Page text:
The Great Fire of London: A Story with Interpolations and Bifurcations

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Dalkey Archive Press, Jan 4, 2015 - Fiction - 328 pages
18 Reviews

Part novel, part autobiography, The Great Fire of London is one of the great literary undertakings of our time. Both exasperating and moving, cherished by its readers, it has its origins in the author's attempt to come to terms with the death of his young wife Alix, whose presence both haunts and gives meaning to every page. Having failed to write his intended novel ("The Great Fire of London"), instead Roubaud creates a book that is about that failure, but in the process opens up the world of the creative process. This novel stands as a lyrical counterpart of the great postmodern masterpieces by fellow Oulipians Georges Perec and Italo Calvino. First published by Dalkey Archive Press in 1991, now available again.

  

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Review: The Great Fire of London: A Story with Interpolations and Bifurcations

User Review  - Chris - Goodreads

This was originally published at The Scrying Orb. In his youth, Jacques Roubaud had a dream that changed his life. The dream, which was honestly little more than him getting off a train in London and ... Read full review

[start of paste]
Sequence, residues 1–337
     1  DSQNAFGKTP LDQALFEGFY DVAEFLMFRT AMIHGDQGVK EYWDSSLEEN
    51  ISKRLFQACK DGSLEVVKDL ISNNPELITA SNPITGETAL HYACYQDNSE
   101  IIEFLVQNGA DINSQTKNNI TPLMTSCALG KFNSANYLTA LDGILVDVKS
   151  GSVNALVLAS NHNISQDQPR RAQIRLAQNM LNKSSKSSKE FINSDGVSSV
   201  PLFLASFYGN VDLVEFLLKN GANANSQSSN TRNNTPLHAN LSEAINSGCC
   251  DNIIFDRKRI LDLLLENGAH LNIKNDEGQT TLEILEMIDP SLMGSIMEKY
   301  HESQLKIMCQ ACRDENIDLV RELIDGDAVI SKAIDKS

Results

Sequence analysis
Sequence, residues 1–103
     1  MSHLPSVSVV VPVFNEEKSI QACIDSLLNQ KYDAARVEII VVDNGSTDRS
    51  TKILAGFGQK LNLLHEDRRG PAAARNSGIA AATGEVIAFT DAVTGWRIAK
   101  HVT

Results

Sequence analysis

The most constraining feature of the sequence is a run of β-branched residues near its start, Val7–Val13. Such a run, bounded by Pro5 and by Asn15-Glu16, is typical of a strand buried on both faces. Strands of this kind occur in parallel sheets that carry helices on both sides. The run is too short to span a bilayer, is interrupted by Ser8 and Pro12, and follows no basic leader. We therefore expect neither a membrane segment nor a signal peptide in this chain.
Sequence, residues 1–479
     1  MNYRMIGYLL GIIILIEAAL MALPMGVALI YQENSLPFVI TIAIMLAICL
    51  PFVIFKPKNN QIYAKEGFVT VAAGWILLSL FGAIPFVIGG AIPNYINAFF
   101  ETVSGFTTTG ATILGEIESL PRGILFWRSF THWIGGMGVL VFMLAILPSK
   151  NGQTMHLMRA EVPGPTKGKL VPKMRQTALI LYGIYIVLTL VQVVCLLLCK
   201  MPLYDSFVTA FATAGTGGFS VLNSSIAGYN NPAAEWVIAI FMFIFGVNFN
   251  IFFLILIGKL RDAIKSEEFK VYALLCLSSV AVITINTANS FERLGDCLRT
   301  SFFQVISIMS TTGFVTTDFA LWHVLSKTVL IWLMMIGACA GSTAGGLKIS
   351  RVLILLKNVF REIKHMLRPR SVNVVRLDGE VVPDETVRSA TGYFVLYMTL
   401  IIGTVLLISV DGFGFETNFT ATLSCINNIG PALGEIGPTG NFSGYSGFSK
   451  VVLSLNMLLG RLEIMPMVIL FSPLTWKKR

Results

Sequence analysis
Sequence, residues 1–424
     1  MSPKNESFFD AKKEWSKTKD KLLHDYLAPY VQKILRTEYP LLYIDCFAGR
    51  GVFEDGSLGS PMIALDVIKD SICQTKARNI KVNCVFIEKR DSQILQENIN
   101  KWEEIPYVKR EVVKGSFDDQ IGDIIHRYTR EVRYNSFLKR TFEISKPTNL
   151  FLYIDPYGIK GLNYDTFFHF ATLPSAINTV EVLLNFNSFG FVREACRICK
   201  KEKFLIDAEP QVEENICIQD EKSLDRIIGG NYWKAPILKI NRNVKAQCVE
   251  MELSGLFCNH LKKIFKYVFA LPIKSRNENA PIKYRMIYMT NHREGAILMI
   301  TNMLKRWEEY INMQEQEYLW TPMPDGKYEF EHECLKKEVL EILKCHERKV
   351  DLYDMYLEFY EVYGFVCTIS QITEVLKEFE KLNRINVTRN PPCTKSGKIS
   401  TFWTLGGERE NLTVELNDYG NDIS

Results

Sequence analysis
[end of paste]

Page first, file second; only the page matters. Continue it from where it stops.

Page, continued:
Review: The Great Fire of London: A Story with Interpolations and Bifurcations

User Review  - MJ Nicholls - Goodreads

Intellectual colonoscoping of the most elegant stripe. Roubaud's muted conflagration opens up a Pandora's paradigm of manners in which the prose novel (this one) can and might and will be rendered ... Read full review

Contents

The Chain
33
Prae
55
Portrait of the Absent Artist
88
Dream Decision Project
108
Nothing Doing in London
175
from Chapter 1
195
from Chapter 2
205
from Chapter 3
212
from Chapter 5
241
from Chapter 6
263
Ornamental Hermit
279
A Boston Romance
292
Fifteen Minutes at Night
304
Night
316
Copyright

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About the author (2015)

Jacques Roubaud is one of France's most important contemporary writers. He has published poetry, criticism, drama, and fiction, including the novels in his Hortense series and the several autobiographical volumes continuing the The Great Fire of London project, including The Loop and Mathematics: A Novel. A prominent member of the Oulipo, he taught mathematics for many years at the Université Paris X Nanterre. He is also a prolific translator from English, having produced French versions of such classics as Lewis Carroll's The Hunting of the Snark and Edward Gorey's The Utter Zoo.

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